Nintendo Wii launch details confirmed

US and Japan plans outlined.

Following on from today's Japanese announcement and New York Times report, Nintendo has confirmed that its Wii console will launch on November 19th in the USA priced US$ 250 (EUR 197 / GBP 133).

The package includes one wireless Wii remote control, one Nunchuck, and a bundled copy of Wii Sports - which consists of tennis, baseball, golf, boxing and bowling games.

During an hour-long conference, Nintendo of America president Reggie Fils-Aime said the worldwide shipment goal was four million units by the end of the year.

There'll be around 15 launch titles in the US, and The Legend of Zelda: Twilight Princess and ExciteTruck will be among them. Games will cost US$ 50, and Nintendo says we'll see 30 this year, although Metroid Prime and Super Mario Galaxy will both launch in 2007.

The console is set to launch in Japan on December 2nd, priced 25,000 yen (EUR 167 / GBP 113), and Nintendo has confirmed it plans to announce the system's European release date and price during a conference in London tomorrow, at 12PM BST.

The US launch date for Wii puts it on store shelves two days after Sony's PlayStation 3, although Sony's 100,000 Japanese PS3s will have more room to manoeuvre, with three weeks elapsing between respective launches in the Far East.

Elsewhere in Nintendo's presentation there was confirmation of other details that appeared in a New York Times report, including the pricing for downloadable Virtual Console games, which will be sold through the Wii "shopping channel".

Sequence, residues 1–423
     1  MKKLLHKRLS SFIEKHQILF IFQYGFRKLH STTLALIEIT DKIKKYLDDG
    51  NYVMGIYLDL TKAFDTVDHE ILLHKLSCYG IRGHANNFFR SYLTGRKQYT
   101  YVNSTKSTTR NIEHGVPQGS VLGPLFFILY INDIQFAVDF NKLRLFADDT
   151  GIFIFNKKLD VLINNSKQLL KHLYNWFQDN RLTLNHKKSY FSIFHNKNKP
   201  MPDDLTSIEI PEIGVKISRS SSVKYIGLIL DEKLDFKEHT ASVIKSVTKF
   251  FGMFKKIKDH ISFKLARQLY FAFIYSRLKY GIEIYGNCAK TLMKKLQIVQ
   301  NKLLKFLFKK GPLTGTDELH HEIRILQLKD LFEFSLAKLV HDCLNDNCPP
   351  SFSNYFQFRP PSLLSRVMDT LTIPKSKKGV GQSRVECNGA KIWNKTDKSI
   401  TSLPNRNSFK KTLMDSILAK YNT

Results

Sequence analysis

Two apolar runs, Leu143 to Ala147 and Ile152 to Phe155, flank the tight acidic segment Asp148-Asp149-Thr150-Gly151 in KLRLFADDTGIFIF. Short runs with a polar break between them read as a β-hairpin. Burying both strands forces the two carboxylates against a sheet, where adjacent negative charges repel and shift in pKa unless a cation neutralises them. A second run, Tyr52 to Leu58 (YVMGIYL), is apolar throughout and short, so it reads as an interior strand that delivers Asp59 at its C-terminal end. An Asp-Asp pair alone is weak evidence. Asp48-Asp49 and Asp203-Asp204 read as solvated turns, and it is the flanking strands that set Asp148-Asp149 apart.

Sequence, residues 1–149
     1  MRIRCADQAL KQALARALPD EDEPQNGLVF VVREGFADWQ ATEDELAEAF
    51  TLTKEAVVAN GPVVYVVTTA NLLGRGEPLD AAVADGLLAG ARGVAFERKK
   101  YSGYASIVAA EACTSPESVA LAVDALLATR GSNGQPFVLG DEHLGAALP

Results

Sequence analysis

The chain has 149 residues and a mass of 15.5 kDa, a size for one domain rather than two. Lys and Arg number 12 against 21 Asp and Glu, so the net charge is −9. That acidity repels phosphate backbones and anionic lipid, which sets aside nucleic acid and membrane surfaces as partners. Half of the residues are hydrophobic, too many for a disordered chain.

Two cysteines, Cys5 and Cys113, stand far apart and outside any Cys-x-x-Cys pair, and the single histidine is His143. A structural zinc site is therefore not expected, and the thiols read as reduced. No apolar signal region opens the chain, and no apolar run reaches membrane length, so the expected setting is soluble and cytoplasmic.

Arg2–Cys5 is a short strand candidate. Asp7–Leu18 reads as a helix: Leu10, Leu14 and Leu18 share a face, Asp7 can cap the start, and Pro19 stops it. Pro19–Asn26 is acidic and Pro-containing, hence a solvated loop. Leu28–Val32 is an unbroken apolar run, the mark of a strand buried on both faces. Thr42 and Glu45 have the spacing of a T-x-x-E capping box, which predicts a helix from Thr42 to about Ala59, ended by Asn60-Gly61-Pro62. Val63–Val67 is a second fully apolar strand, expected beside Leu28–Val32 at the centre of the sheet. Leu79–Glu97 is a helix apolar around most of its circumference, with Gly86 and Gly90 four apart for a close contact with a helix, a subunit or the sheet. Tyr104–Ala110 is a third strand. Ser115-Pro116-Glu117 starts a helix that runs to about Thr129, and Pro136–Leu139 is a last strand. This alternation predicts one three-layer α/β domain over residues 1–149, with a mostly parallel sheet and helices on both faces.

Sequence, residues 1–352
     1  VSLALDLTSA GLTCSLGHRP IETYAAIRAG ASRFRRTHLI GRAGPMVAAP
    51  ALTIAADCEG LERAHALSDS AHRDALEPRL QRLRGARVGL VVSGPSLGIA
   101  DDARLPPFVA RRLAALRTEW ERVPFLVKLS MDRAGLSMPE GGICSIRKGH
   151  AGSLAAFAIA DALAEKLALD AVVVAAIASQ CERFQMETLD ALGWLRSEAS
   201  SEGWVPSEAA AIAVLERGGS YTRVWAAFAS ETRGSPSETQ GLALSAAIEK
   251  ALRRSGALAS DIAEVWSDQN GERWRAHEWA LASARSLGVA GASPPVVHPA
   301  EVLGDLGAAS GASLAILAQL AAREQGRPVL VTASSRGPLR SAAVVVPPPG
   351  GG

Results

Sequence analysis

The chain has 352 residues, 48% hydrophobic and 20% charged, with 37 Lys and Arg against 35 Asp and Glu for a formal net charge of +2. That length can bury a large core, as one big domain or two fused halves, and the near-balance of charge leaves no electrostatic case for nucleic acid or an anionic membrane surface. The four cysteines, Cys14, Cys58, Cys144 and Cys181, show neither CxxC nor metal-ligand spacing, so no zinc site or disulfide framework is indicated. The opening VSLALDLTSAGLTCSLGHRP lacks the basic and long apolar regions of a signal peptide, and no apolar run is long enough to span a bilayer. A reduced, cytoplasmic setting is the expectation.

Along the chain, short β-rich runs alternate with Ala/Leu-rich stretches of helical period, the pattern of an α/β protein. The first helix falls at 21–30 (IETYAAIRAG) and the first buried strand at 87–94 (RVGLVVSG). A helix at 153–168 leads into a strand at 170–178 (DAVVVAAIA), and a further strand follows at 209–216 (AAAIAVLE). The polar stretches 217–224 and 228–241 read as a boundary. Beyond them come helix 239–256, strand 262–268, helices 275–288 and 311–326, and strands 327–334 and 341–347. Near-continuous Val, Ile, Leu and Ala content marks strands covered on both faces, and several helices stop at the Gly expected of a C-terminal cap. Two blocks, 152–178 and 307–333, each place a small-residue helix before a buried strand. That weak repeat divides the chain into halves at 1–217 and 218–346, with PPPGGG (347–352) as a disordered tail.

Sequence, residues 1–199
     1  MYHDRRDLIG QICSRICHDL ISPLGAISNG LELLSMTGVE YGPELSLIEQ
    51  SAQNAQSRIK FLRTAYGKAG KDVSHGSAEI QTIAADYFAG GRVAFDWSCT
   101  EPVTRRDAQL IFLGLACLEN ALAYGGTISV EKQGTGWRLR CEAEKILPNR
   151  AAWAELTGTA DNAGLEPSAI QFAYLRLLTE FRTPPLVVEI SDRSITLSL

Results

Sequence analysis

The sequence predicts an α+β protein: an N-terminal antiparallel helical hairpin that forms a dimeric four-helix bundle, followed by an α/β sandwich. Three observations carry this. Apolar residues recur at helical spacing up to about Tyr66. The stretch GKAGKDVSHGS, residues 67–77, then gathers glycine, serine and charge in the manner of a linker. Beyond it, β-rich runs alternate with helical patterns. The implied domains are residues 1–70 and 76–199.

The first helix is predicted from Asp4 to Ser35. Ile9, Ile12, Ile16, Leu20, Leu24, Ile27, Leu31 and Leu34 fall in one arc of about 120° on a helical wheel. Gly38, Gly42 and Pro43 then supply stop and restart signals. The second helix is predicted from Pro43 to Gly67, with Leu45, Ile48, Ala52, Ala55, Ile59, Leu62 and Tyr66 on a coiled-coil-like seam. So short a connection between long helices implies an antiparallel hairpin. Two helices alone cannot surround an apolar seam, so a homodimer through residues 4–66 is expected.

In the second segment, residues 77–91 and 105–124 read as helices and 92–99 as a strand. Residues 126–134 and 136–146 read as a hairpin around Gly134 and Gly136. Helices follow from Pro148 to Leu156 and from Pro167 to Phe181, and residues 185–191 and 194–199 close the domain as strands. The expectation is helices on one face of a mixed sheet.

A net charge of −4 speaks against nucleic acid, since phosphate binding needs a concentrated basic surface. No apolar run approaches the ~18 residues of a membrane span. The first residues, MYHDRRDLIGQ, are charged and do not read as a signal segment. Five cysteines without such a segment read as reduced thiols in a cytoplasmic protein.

Nintendo will have at least three of these classic titles online at launch, with 30 set for release by the end of the year, and another ten again in each month of 2007. An earlier report today specified that Mario, Zelda and Donkey Kong would appear on the system.

Pricing for the downloadable games will be 500 "Wii Points" (US$ 5) for NES games, 800 points for SNES and 1000 for N64. 2000-Wii-point cards will be sold at US retail for US$ 20, Nintendo said. In addition to games for those older systems, the Wii will be backwards compatible with some 530 GameCube titles from day one as previously announced.

There were also software demonstrations at the event in New York, including the Bowling element of Wii Sports, and the console's interface of "channels". Along with regularly updated news and weather channels, there'll be a Mii Channel, which allows you to create an avatar and then transfer it to the Wii remote to carry around with you.

A Wii message board will allow you to send messages or photos to other Wii users, as well as PC and mobile phone users, while an Internet channel will use the Opera web-browser to let you surf the net. Opera will be sold separately, but there'll be no access costs for using the Internet - unlike Xbox Live Gold.

There was also talk of WiiConnect24 again - the system that downloads updates while the console is in standby mode, and will theoretically allow you to do things like have people visit your Animal Crossing town while you're asleep.

After the main conference, Nintendo also answered some general questions. Wii remotes will cost US$ 40 it said, with Nunchuck attachments sold for US$ 20.

Attendees were also told to expect more details in future about the DS' relationship with Wii, which has been hinted at in the past but remains cloudy at this point.

For more on the Wii channels, check out the Japanese demonstration videos we have hosted on Eurogamer TV. We also have the full Japanese launch line-up, and new information on Super Monkey Ball and Resident Evil: Umbrella Chronicles.

And of course join us again tomorrow at 12PM BST when we'll be providing live-text coverage of whatever happens at the Nintendo conference here in the UK, with video coverage, impressions and all sorts of other nonsense to follow.

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